Yuan's death left China almost completely disintegrated, broken into bits each of which was under the rule of a war lord. Yet, though he had debased the representative government by using it as a tool for his ends, a form of it remained which saved Peking from immediate civil war when the Vice-President, Li Yuan-hung, slipped into the Presidency in accordance with the rules. The war lords paused to take stock of the situation, and stayed their hands not because they expected the weak Li to put up any resistance, but for fear of each other. In the pause President Li reconvened parliament.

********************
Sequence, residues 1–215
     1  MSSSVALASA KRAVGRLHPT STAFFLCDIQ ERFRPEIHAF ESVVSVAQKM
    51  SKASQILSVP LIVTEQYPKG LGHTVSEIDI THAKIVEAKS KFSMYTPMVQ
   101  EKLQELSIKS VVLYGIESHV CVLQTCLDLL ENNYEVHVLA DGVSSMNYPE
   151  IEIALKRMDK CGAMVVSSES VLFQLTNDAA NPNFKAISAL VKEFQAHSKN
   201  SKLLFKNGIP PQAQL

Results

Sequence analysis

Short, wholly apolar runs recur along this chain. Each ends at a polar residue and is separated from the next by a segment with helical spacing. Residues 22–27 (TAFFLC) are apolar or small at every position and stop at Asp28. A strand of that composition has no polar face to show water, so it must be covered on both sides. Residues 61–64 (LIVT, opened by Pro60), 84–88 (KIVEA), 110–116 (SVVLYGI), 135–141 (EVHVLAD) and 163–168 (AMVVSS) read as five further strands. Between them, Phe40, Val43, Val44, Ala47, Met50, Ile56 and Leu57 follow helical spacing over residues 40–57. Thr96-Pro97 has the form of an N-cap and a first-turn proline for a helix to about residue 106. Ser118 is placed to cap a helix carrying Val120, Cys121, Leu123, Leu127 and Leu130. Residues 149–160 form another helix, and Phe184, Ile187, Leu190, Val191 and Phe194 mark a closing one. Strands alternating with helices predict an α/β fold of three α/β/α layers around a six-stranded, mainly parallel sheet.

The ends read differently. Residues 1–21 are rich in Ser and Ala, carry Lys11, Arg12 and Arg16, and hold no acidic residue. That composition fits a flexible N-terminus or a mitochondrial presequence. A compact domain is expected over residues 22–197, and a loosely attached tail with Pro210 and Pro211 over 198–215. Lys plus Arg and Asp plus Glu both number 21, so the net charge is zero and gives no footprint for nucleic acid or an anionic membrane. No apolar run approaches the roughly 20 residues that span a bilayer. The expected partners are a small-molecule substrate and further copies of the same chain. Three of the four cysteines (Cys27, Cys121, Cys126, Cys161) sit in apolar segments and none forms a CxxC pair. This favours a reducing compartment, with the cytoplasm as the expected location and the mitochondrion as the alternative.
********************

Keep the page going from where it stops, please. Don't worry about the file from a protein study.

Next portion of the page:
The Sun Yat-sen contingent found it possible to return from Japan, though it was still necessary to stay out of Peking's reach. Canton was their only safe foothold apart from Shanghai, where Sun had a house in the French Concession, and it was in Canton that they made plans to start once more on the long-delayed task of unification. During the long exile two men in Sun's coterie had risen to the top as his most trusted lieutenants, Chiang Kai-shek and Wang Ching-wei, though at the time Yuan died Wang was under a temporary cloud and had gone off to France to meditate on his sins. As for Sun's old friend Charles Soong, their relationship had suffered change and strain over a delicate family affair. Soong's three daughters had spent most of their childhood and adolescence at school in America. The two elder girls, Eling and Chingling, were now back in the East, though Meiling remained at Wellesley to finish her university course. In Japan Eling, the eldest, worked as Sun's secretary for a time before she married Kung Hsiang-hsi, scion of a rich Shansi family. The Kungs claim descent from Confucius, but Kung Hsiang-hsi was a Christian and had cast in his lot with republicanism. The young couple returned to Shansi, leaving Sun